U.S. Suspiciously Silent about Iraqi Abuses

The United States has been very vocal in its condemnations of Middle Eastern countries who use aggressive tactics on their protestors. When Iran cracked down on citizens the White House “strongly condemned the Iranian government’s organized intimidation campaign and arrests of political figures, human rights defenders, political activists, student leaders, journalists, and bloggers.” When Iraq imprisoned 300 journalists, intellectuals, and attorneys in order to quell belligerent protestors, the U.S. was strangely silent. The Washington Post described the campaign as “an operation to intimidate Baghdad intellectuals who hold sway over popular opinion.”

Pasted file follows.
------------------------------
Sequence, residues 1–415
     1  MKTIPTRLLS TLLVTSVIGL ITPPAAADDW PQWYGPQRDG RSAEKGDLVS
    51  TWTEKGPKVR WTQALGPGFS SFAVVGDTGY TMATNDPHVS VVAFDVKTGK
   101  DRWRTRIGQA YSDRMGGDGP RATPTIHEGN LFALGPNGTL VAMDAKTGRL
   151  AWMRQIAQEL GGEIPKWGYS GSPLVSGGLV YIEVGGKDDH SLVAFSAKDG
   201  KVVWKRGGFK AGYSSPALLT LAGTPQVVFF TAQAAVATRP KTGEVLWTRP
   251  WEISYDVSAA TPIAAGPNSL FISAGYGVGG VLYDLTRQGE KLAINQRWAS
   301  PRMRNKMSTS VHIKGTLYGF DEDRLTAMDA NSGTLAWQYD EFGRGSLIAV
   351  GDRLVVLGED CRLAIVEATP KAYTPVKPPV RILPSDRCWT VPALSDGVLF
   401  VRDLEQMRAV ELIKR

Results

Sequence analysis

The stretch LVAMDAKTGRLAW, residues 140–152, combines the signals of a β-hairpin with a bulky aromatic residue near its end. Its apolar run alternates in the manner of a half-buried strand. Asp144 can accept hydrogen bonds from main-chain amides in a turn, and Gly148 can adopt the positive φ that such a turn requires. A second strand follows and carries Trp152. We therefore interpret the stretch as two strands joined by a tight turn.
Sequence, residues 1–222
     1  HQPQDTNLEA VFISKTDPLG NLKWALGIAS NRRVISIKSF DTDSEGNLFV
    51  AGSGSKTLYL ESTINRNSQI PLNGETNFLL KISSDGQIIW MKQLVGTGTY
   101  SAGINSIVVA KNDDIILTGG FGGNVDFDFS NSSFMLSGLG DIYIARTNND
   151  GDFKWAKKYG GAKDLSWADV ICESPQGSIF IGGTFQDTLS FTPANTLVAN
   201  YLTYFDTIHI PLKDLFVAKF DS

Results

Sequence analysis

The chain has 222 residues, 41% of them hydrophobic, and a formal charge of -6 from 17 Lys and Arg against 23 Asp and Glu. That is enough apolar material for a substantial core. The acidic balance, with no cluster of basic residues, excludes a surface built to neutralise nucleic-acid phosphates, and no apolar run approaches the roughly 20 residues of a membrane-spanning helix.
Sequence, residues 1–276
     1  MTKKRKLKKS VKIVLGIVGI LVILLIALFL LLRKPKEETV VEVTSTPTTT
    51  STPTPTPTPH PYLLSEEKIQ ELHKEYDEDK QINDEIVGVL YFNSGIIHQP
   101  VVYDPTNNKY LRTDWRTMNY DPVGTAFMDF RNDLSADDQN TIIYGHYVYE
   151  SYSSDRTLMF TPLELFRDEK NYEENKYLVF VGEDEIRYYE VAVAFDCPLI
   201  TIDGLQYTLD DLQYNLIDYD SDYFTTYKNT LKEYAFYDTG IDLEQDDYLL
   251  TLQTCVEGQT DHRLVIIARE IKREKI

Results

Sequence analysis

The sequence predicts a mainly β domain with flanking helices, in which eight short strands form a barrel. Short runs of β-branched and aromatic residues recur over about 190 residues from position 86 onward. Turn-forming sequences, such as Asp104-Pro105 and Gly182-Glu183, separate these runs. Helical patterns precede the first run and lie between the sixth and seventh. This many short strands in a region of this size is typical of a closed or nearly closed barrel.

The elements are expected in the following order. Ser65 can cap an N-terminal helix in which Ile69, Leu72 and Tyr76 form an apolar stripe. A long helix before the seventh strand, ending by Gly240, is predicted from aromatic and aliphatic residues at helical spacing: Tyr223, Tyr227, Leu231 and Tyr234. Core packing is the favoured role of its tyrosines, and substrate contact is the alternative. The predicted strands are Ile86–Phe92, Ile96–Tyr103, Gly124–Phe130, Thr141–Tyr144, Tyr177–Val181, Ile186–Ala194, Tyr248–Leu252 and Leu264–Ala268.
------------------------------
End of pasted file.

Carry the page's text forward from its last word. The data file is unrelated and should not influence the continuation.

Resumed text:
The Washington Post has reported 30 people have been killed in Iraq this week, including a 14-year-old boy. Some were reportedly gunned down by government forces in an attempt to stop protests in the streets. And some of the recent prisoners have reported abuse at the hands of the Iraqi officials who held them. According to reports from the Post, prisoners were handcuffed, blindfolded, beaten, and threatened with execution.

In the Iraqi protests, the call from the demonstrators was for reform, not a complete replacement of the Iraqi government.

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